Aim Despite their importance for predicting fluxes to and from terrestrial ecosystems, dynamic global vegetation models have insufficient realism because of their use of plant functional types (PFTs) with constant attributes. Based on recent advances in community ecology, we explore the merits of a traits-based vegetation model to deal with current shortcomings.
Methods A research review of current concepts and information, providing a new perspective, supported by quantitative analysis of a global traits database.
Results Continuous and process-based trait–environment relations are central to a traits-based approach and allow us to directly calculate fluxes based on functional characteristics. By quantifying community assembly concepts, it is possible to predict trait values from environmental drivers, although these relations are still imperfect. Through the quantification of these relations, effects of adaptation and species replacement upon environmental changes are implicitly accounted for. Such functional links also allow direct calculation of fluxes, including those related to feedbacks through the nitrogen and water cycle. Finally, a traits-based model allows the prediction of new trait combinations and no-analogue ecosystem functions projected to arise in the near future, which is not feasible in current vegetation models. A separate calculation of ecosystem fluxes and PFT occurrences in traits-based models allows for flexible vegetation classifications.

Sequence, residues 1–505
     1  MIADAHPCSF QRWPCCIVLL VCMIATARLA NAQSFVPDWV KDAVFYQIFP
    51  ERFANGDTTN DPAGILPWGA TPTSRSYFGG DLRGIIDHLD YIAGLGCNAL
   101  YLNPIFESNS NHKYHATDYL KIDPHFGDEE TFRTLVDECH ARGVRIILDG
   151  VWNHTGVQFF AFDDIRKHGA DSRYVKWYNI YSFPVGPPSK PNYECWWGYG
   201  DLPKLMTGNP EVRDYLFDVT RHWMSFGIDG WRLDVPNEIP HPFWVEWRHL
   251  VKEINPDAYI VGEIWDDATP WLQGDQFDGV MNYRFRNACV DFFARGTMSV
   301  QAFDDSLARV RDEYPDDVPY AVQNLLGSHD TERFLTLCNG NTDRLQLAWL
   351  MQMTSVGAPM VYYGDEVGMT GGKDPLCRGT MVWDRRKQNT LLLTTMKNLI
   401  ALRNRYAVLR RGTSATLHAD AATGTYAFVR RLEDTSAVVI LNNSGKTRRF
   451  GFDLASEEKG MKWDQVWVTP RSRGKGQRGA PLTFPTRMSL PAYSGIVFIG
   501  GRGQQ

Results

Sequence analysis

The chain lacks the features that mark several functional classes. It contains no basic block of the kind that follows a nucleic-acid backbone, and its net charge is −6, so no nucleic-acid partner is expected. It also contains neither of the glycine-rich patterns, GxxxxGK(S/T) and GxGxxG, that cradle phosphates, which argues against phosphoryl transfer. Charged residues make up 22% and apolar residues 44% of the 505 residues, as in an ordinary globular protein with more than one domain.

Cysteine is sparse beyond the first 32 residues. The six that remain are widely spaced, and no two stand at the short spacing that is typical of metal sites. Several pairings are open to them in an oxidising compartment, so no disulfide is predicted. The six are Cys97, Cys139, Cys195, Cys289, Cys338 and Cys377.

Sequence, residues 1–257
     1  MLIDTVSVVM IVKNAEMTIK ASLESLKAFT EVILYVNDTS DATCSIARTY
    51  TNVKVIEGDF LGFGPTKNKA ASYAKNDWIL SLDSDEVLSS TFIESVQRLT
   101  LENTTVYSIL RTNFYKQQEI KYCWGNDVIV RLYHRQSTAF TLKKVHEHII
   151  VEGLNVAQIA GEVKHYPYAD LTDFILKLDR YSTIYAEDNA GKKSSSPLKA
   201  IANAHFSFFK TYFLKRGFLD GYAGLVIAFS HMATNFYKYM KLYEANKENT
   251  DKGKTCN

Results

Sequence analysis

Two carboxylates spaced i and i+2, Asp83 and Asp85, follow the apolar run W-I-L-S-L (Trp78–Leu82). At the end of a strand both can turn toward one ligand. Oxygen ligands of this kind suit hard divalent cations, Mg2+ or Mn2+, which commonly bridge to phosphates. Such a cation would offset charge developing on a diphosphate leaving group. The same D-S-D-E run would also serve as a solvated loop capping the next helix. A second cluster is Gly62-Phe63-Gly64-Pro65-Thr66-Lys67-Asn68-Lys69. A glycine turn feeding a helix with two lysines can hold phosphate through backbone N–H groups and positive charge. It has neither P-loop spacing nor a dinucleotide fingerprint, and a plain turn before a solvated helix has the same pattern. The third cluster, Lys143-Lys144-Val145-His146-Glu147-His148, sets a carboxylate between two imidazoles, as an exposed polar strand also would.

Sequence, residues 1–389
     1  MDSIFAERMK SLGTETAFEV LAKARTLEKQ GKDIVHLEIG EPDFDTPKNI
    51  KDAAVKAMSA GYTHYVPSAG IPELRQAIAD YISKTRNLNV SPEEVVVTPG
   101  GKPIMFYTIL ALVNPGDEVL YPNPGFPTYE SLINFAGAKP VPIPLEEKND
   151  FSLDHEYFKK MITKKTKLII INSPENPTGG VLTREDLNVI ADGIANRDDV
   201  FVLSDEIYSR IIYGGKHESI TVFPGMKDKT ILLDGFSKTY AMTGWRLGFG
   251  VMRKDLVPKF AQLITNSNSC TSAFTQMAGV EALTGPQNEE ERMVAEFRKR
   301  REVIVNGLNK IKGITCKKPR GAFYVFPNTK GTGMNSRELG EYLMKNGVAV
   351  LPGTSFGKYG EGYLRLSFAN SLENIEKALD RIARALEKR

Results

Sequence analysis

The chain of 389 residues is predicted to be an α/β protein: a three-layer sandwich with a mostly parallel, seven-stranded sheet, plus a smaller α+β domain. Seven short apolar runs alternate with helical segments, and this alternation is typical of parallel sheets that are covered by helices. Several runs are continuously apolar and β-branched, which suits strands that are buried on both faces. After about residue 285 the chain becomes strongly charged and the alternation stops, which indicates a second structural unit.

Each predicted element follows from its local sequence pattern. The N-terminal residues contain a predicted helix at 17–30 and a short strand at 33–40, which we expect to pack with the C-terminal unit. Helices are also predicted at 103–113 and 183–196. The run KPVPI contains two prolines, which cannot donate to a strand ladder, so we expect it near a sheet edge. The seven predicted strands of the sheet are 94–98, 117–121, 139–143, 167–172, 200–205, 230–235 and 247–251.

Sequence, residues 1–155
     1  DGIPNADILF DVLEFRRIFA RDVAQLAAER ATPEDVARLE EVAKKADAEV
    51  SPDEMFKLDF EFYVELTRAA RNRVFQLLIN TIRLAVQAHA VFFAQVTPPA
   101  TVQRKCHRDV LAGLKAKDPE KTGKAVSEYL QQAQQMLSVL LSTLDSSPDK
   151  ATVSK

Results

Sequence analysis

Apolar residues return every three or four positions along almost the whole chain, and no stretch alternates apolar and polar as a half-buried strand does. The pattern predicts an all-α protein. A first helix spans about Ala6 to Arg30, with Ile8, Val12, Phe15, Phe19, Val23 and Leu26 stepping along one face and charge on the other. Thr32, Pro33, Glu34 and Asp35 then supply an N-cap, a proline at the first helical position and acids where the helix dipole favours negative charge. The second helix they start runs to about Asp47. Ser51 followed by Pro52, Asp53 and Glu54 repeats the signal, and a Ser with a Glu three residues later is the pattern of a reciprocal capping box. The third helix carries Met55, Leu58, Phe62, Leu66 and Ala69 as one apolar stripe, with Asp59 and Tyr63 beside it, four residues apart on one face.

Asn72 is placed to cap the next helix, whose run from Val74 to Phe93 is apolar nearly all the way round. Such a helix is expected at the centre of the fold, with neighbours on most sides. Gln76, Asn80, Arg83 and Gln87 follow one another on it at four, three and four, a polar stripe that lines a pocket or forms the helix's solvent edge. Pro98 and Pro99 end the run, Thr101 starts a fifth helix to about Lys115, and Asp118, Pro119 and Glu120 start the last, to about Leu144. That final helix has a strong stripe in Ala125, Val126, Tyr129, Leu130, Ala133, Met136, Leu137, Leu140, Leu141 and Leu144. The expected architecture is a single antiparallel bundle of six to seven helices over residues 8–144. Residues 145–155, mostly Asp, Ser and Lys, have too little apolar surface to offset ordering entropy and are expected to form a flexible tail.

Main conclusions Given the advantages described above, we argue that traits-based modelling deserves consideration (although it will not be easy) if one is to aim for better climate projections.